What is Respiratory Disease?

While there are less respiratory problems for your bird to contract due to improvements in bird care and the results of research, common diseases such as bacterial and fungal pneumonia, aspergillosis, and others remain a common threat. Early diagnosis is vital to catch any disease or condition in its early stages, preventing it getting established and damaging vital organs.

With ongoing research, there are many new developments in the field of respiratory disease in birds. Engaging the help of an avian doctor who specialises in the field of bird health is vital to the success rate of recovery.

Respiratory diseases in birds are similar to the common cold, but are considered infectious diseases that are caused by a diverse range of pathogens.

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Symptoms of Respiratory Disease in Birds

Other disorders can mimic respiratory illness which is why it is important to get your avian veterinarian's assistance. 

  • Labored breathing
  • Dyspnea after your bird undertakes a short flight 
  • Tail bobbing, which is a rhythmic jerking of the tail 
  • Frequent sneezing combined with nasal discharge 
  • A change of your bird’s voice may be noticed 
  • Panting after a short bout of exercise 
  • Coughing
  • Wheezing sounds 
  • Periocular swelling

Causes of Respiratory Disease in Birds

  • Environmental factors can cause respiratory disease in birds; these factors can include overcrowding, malnutrition, long-term antibiotic therapy, and poor ventilation
  • Toxic fumes inhaled by birds can be a factor including hairspray, ammonia, cigarette smoke, overheated Teflon and self-cleaning ovens (Teflon is also in many appliances such as hair dryers, pots and pans)
  • Bacterial infections such as Chlamydophila
  • Fungal pneumonia
  • Hypovitaminosis A is a deficiency of vitamin A which can result in changes to the respiratory epithelium allowing bacteria, viruses and fungi to enter your bird's body 
  • Tracheal foreign body such as a seed, piece of toy, or abnormal tissue growth can cause difficulty in breathing and needs emergency attention by your avian specialist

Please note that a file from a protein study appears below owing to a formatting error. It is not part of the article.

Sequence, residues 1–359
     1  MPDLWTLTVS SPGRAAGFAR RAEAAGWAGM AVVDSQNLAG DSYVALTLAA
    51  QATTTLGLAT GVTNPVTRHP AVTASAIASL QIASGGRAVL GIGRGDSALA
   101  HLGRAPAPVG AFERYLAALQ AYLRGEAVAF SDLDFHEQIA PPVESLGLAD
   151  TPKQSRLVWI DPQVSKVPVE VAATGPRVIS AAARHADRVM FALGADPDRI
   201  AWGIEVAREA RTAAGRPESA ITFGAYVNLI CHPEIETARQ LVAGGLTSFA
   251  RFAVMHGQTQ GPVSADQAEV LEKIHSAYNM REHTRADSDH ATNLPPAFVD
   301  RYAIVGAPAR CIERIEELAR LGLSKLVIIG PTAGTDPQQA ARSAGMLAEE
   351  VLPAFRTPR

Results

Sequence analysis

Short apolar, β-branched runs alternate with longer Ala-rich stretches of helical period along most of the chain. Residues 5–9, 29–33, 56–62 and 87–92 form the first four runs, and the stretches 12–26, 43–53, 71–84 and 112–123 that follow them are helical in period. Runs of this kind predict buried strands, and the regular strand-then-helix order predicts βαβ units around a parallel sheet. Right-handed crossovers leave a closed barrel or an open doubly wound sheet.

• Klebsiella, Proteus, Chlamydophila and Pasteurella all of which are severe and very serious 
  • Aspergillosis disease is a fungal disease affecting the lungs and respiratory system, and is particularly infectious when your bird’s immunity is low 
  • Large indoor flocks of birds have a higher risk of getting bacterial and fungal infections due to the poor ventilation compared to outdoors 
  • Your indoor birds are susceptible to breathing in airborne toxins such as household cleaners, incense and air fresheners 
  • Damp environment with decaying vegetation and contaminated seed causes fungus growth

Diagnosis of Respiratory Disease in Birds

When your bird is having a hard time breathing, the best response is to take it to an avian veterinarian for treatment. Birds are notorious for hiding their illness due to an inbuilt survival strategy because a sick and disabled bird is one that attracts predators. Fortunately, with a respiratory illness, the wheezing and sneezing will give it away. Your avian doctor will examine your bird to determine what is causing the respiratory system to become infected. 

He will typically determine the cause of the condition through laboratory culture of mucus. He will ask about your bird’s environment and diet and do a physical examination of your bird. An examination of your bird’s air sacs for inflammation, which is a sign of airsacculitis, may reveal congested air sacs and lungs with white mucus and nodules. With any infection, it is important to treat it immediately before the condition gets to an advanced stage.

Treatment of Respiratory Disease in Birds

With early diagnosis and if treated in the early stages of a disease or infection, the prognosis is good. Just recently, specialists have used a bronchodilator to treat birds with severe respiratory distress. The bronchodilator works by relaxing the smooth muscle around the bronchi, opening the bronchi and letting more air pass into the deeper tissue for oxygen exchange. If your bird doesn’t respond to intramuscular administration, drugs like terbutaline can be used via a nebuliser. In the case of bacterial infections, supportive care and antibiotics are the treatment to use. A larger number of specialists are now using the nebuliser to enable effective delivery of the medications directly into your bird’s respiratory system. 

Antibiotics, steroids, and antifungals are used depending on the diagnosis of your bird’s condition. The main thing is getting your bird into treatment in the early stages of the illness. Advanced disease is harder to maintain and treat. For Aspergillosis, there have been several new developments in medications for the treatment of this disease. Lamisil is a very safe drug and is appropriate for long-term therapy.  Because of the variety of causes of respiratory disease in birds, it is hard to define all treatments here that are available. The best solution is to consult with your avian doctor.

Recovery of Respiratory Disease in Birds

As in all illness, prevention is always best. If your bird lives inside, being aware of how sensitive your feathered friend is to airborne toxins is vital. Spraying air fresheners or lighting incense can hurt your bird and can initiate a respiratory response. Good ventilation, clean living conditions (but don’t use strong cleaning materials on the cage - check for non-toxic products) and monitoring your pet's health will keep infections in check. Early diagnosis and an effective long-term treatment will maintain the health of your bird.  A sick bird requires a calm environment, plenty of rest, and good quality food to enable treatment to be effective.